Comments by myshortpencil
Posted on June 23 at 2:05 p.m. (Suggest removal)
The gun debate isn't about profit over lives. It's about defense of self and liberty.
A gun culture is completely consistent with modern society. See, e.g., https://en.wikipedia.org/wiki/Military_o..., where Switzerland requires all males to serve in its mostly volunteer army and to keep their own personal equipment, including all personally assigned weapons, at home.
Everyone doesn't need to own a gun, but everyone should know how to use one.
Politicians need to honor the 2nd Amendment. People who oppose the 2nd Amendment need to pass an amendment to repeal it. That's the right way to give the government the power to infringe the natural, God-given right to bear arms.
Posted on June 16 at 3:11 p.m. (Suggest removal)
There is way too much to correct in your letter. Let me simply say, "If you don't like the Second Amendment, work to repeal it." Let's see how it goes.
Posted on June 16 at 8:48 a.m. (Suggest removal)
I suggest the purchase of several noisy peacocks and a loud tractor. Neighbors who object to the ropes course will soon lament their rural ambience and discover ropes to be a decent alternative. Here are some nice peacocks to watch:
Posted on June 15 at 11:35 a.m. (Suggest removal)
Regarding "Schenectady tax rate an unfair comparison," people who live in more expensive neighborhoods tend to have more resources to pay taxes, on average. Is the higher tax amount more or less difficult for Niskayuna residents to pay than the lower amount in Schenectady? My guess is Niskayuna residents have greater disposable income, on average, than Schenectady residents. Consequently, it is likely that the lower tax amount paid in Schenectady is actually a much greater burden to its residents.
All this aside, NY property taxes are outrageous. In general, Ohio has a 1% constitutional cap on annual total property taxes. In Sun City West, near Phoenix, the property tax is 2/3rds of 1% of the full property value. However, there is a mandatory recreational fee that brings the total up to just over 1%. In return, residents get access to lots of free and low cost recreational activities and clubs, including several swimming pools and golf courses.
NY is not a high cost state. It's a high government cost state. The 3.5% (give or take) of home value that we pay in annual property taxes means, in effect, we repurchase our homes from the government every 29 years, compared to 100 years or more in many other places in the USA. Many people in NY seem annoyingly happy to pay it.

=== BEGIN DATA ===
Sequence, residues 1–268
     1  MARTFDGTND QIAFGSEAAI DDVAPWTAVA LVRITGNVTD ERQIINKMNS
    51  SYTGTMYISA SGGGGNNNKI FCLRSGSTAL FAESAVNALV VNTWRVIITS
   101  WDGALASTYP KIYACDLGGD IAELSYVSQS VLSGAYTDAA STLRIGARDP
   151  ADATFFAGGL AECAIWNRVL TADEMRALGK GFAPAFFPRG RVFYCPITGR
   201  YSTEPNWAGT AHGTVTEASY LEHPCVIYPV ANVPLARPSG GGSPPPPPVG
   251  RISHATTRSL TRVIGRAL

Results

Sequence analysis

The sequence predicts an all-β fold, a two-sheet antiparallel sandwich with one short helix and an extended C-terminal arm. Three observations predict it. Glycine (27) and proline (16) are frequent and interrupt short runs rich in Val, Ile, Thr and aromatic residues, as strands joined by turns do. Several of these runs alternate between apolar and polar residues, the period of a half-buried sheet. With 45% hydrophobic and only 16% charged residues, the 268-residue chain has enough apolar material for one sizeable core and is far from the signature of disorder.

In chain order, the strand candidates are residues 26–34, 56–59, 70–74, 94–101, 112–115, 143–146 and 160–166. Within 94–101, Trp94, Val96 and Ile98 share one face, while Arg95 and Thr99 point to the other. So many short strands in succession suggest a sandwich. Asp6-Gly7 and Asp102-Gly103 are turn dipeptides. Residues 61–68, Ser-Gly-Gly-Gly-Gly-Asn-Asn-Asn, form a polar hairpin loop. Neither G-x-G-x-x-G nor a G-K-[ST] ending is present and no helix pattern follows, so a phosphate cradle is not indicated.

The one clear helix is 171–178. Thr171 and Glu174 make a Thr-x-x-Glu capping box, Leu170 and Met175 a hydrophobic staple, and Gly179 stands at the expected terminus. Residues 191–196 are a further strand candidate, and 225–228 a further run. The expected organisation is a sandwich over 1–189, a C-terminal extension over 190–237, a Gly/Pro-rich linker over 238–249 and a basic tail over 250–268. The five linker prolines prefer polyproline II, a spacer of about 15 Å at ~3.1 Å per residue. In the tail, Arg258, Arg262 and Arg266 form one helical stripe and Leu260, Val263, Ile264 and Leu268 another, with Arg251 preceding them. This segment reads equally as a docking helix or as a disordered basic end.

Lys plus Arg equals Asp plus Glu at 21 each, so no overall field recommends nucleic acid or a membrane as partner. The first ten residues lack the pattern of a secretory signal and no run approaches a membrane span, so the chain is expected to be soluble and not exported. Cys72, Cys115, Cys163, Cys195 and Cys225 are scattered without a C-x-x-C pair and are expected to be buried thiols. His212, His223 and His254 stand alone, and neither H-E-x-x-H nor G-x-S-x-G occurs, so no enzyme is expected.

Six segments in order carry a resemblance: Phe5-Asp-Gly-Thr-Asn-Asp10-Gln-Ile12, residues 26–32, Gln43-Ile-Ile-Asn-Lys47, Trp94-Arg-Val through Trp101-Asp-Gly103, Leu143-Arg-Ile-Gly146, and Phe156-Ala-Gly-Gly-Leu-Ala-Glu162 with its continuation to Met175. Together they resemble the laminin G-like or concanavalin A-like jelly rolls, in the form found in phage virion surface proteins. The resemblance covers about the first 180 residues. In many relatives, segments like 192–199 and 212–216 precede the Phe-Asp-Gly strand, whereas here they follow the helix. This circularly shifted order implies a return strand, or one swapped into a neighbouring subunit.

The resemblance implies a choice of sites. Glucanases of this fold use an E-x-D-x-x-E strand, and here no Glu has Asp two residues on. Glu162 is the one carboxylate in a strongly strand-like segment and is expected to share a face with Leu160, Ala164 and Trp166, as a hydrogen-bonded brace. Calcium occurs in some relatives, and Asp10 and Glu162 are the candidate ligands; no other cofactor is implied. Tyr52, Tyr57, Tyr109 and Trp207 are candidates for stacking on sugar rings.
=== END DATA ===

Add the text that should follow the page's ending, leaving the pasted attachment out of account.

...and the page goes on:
Posted on June 15 at 11:06 a.m. (Suggest removal)
Ralph Pidgeon, thanks for the letter.
Posted on June 14 at 7:26 p.m. (Suggest removal)
Which cause, among many, are we conveniently forgetting? See, e.g.,
One thing is certain, it wasn't initiated to end slavery -- which needed ending. "Lincoln was an avowed opponent of the expansion of slavery but said he would not interfere with it where it existed."
None of that really matters in the context of whether the USA will honor the First Amendment and grant tolerance to persons flying the flags of their choice in public.
Posted on June 14 at 3:32 p.m. (Suggest removal)
Regarding "Confederate flag not welcome at parade," we all need to defend the right of everyone to freely express themselves. The Confederate flag has more meanings than the few selectively picked.
As for being offended by a flag, my great, great grandfather fought in the Civil War on the Union side. He and his generation, both male and female, white and black, paid a terrible price for the war. Neither my great, great grandfather, nor my great grandfather left any record of being opposed to the Confederate flag. I never heard my grandfather or my mother complain about it. If those who paid the price took no offense, who are we to do so?
Finally, go look at the Mississippi State flag. What are you going to do about that? Write letters to the editor about the flying of the Mississippi State flag in parades.
Posted on June 14 at 10:45 a.m. (Suggest removal)
Thank you, Corinne Cazer.
Posted on June 10 at 8:54 p.m. (Suggest removal)
Higher minimum wages means fewer jobs.
Posted on June 10 at 8:48 p.m. (Suggest removal)
A perfect example of business-unfriendly NY.